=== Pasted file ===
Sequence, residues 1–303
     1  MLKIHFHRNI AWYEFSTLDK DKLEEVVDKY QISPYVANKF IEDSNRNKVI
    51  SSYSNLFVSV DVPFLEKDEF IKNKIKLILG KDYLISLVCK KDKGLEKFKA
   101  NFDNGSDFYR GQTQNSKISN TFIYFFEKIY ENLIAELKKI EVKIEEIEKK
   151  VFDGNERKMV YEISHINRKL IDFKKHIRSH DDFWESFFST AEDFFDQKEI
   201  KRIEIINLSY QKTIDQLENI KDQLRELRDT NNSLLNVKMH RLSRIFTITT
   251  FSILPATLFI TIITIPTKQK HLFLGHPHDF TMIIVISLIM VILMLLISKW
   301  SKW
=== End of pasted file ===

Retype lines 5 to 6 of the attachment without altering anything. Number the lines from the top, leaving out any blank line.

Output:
   151  VFDGNERKMV YEISHINRKL IDFKKHIRSH DDFWESFFST AEDFFDQKEI
   201  KRIEIINLSY QKTIDQLENI KDQLRELRDT NNSLLNVKMH RLSRIFTITT